More fuel efficient, lower emission heavy trucks are good for business, good for consumers, and good for combating climate change. By deploying existing and emerging technologies to improve truck efficiency, the U.S. can save billions in fuel expenses while cutting harmful climate pollutions by millions of tons.
EDF is calling on the Obama Administration to set new fuel efficiency and greenhouse gas standards for heavy trucks that cut fuel consumption by 40 percent compared to 2010 levels. These standards would apply for freight trucks and heavy-duty work trucks, such as box delivery trucks, bucket trucks, beverage delivery trucks and refuse trucks.
Analysis by leading environmental and energy efficiency advocates, including EDF, demonstrates that bold heavy truck standards are technically feasible and will be effective in cutting oil consumption and climate pollution.
Strong standards will be good for American business and consumers too.
EDF and Ceres examined how strong standards would affect the cost of moving freight by trucks. The results are unequivocal — strong standards will save companies money.
For example, an owner of a new tractor-trailer unit stands to save between $21,000 and $36,000 during the first year the truck is in service.
By 2030, the combination of both phases of standards will cut fuel use by 1.4 million barrels per day and reduce carbon pollution by 270 million metric tons, compared to the fuel use and emissions that would occur without fuel efficiency improvements.
Companies stand to save nearly $8 billion dollars in 2030 too, as the cost-per-mile to move freight will decrease by $0.07 a mile as a result of the second phase rules alone.
By 2040, these savings could grow to $25 billion annually, as the net effect of the second phase of the standard alone could be to reduce the per-mile cost of moving freight by 21 cents.
Our finding of significant financial benefits of strong fuel efficiency and GHG standards is consistent in magnitude with previous analysis. A recent report by the Consumer Federation of America looked at similar Phase 2 standards and found net savings of $250 to consumers, rising to $400 per household in 2035 as fuel prices and transportation services increase.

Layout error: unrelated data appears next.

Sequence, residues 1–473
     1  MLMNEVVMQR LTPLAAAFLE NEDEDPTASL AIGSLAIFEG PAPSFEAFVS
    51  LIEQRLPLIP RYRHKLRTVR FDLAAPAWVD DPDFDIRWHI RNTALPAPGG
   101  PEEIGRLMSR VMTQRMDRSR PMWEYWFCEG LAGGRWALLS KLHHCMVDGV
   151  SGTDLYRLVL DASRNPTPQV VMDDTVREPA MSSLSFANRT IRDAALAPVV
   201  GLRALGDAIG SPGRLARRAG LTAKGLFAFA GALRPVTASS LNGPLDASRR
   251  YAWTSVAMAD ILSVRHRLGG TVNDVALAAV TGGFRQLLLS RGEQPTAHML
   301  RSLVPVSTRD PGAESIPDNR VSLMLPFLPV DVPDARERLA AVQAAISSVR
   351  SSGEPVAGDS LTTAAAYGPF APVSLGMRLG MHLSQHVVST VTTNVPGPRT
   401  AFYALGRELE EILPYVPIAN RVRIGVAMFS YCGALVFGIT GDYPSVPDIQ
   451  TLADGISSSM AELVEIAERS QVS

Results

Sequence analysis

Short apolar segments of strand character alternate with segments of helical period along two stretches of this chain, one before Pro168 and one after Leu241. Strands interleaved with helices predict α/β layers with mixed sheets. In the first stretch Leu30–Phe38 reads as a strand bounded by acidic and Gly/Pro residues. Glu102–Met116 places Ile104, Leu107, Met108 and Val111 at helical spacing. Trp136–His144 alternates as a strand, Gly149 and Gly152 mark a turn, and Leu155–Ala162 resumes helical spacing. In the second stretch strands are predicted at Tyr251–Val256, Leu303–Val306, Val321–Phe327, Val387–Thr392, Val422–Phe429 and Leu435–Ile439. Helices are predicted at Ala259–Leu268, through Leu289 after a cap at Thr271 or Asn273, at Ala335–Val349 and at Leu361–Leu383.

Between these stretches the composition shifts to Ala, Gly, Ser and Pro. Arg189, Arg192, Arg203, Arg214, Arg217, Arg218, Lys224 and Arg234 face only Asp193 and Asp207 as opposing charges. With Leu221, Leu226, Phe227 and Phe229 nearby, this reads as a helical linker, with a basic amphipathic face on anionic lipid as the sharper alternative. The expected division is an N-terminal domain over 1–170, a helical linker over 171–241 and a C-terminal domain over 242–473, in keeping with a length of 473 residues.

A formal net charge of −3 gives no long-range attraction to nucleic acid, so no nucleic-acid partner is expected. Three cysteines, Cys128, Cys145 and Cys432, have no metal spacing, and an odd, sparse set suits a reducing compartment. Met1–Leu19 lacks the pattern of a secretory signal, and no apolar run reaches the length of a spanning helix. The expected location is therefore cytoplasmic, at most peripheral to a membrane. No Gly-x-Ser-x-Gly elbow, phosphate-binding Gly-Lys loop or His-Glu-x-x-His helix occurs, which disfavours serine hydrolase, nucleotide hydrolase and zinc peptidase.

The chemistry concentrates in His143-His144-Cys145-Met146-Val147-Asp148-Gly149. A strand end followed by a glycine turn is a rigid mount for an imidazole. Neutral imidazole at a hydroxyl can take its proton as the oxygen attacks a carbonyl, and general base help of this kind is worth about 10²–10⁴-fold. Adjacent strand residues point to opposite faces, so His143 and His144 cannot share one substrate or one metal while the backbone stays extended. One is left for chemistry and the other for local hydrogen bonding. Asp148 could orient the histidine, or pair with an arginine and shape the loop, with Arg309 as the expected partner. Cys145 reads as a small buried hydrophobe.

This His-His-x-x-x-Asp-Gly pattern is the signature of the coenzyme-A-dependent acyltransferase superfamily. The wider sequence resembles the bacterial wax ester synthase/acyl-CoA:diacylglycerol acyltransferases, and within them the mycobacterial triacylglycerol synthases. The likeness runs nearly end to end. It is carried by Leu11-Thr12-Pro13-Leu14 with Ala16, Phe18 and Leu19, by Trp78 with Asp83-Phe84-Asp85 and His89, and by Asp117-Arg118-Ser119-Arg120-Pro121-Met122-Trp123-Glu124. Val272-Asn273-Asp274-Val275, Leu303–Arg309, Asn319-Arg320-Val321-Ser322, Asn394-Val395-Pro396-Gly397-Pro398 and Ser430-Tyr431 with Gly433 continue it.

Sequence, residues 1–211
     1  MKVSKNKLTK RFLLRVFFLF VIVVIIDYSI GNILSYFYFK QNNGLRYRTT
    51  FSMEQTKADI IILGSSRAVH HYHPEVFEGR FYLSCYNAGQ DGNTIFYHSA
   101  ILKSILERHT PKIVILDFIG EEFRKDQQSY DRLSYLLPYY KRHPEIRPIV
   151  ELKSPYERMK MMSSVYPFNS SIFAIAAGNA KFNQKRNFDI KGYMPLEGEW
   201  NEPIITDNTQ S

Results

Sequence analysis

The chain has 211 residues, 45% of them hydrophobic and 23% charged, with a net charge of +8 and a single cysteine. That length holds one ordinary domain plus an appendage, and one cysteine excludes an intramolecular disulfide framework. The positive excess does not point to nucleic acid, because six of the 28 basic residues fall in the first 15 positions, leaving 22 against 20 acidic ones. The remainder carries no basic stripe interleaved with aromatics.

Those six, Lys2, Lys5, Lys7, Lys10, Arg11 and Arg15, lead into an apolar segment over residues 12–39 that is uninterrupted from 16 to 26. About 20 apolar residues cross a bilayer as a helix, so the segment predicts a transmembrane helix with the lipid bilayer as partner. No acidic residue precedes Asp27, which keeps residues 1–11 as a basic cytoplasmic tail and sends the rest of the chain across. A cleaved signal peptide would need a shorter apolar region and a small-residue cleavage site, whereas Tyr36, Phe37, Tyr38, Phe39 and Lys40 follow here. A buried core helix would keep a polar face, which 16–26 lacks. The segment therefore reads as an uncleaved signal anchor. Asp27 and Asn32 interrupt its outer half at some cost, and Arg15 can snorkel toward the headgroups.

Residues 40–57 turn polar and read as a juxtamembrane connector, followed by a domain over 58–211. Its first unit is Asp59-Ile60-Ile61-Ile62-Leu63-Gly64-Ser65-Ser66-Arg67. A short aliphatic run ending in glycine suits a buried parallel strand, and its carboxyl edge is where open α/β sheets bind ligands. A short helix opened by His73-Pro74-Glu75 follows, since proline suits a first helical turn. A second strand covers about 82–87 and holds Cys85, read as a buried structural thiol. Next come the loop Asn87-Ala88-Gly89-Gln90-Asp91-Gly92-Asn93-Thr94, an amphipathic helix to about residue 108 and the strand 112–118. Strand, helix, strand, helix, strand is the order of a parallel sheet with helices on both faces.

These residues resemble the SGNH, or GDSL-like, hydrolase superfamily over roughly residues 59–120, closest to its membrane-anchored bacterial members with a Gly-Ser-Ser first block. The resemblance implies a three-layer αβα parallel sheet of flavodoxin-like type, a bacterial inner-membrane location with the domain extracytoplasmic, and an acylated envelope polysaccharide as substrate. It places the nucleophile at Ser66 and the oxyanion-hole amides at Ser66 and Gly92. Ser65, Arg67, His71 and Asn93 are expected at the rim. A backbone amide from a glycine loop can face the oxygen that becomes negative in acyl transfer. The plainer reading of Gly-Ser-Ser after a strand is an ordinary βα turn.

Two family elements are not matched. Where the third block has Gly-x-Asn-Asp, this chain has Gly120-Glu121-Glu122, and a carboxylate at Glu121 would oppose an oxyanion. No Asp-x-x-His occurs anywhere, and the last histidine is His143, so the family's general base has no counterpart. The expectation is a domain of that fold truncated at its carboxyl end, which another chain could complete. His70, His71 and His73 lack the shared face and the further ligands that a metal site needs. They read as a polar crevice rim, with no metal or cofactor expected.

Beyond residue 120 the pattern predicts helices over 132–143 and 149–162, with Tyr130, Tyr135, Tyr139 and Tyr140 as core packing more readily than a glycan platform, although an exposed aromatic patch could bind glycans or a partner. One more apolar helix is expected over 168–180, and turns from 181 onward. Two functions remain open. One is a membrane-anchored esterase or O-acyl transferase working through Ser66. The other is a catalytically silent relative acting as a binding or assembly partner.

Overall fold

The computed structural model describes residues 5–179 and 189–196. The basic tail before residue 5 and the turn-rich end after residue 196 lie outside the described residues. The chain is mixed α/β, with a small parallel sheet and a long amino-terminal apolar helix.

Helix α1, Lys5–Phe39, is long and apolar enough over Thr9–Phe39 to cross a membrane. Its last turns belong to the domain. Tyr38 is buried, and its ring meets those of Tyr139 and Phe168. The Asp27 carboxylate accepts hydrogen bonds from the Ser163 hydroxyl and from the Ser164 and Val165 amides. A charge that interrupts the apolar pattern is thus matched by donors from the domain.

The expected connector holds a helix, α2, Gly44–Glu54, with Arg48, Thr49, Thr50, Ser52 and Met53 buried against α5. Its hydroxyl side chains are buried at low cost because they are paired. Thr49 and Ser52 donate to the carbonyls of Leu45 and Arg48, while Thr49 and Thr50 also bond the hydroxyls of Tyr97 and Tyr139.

With such savings at hand, a natural question is why do we need new standards in the first place? We need new standards because well-designed federal standards foster the innovation necessary to bring more efficient and lower emitting trucks to market.
Strong standards break down barriers that keep technologies from moving from the test track to the assembly line.
Manufacturers need to be confident in market demand in order to develop and launch efficiency improvements. Strong standards give them the certainty they need.
Fleets are often weary of investing in advanced technologies; as such capital investments could put them at a disadvantage if fuel prices drop suddenly, like they did in 2008. For-hire trucking fleets also directly pass on a large percentage of their fuel bill through fuel surcharges to their customers, thus distorting the economic incentive to invest in efficiency.
Manufacturers and fleets can benefit significantly from strong standards. As the EDF analysis demonstrates, manufacturers will have a market for more valuable equipment; while fleets will achieve significant overall savings.
In fact, this is just the type of impact we are seeing from the first phase of heavy trucks standards, which went into effect at the start of this year. Fleets and Manufacturers are praising the rule and new, cost-effect offerings have come onto the market.
Moving forward on strong heavy-truck efficiency and emissions standards is a step that our country needs to take.